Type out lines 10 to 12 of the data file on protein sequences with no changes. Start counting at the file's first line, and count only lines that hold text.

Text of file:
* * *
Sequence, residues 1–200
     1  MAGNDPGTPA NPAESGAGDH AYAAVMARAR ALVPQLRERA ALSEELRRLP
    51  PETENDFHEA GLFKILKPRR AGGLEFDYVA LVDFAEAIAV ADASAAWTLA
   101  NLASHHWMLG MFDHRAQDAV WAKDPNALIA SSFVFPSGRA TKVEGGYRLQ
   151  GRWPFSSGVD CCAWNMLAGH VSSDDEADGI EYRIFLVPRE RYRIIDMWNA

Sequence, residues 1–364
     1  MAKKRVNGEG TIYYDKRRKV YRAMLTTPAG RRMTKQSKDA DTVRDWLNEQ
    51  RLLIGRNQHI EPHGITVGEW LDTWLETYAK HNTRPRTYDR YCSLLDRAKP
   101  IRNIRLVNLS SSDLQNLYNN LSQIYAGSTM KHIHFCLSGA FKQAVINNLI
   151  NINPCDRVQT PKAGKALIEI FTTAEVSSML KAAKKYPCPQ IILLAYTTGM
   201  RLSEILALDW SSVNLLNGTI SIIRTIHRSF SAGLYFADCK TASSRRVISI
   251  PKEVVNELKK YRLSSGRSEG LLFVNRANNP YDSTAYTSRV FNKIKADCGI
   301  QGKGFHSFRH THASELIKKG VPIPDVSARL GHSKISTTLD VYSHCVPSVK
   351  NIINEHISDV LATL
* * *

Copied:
   151  NINPCDRVQT PKAGKALIEI FTTAEVSSML KAAKKYPCPQ IILLAYTTGM
   201  RLSEILALDW SSVNLLNGTI SIIRTIHRSF SAGLYFADCK TASSRRVISI
   251  PKEVVNELKK YRLSSGRSEG LLFVNRANNP YDSTAYTSRV FNKIKADCGI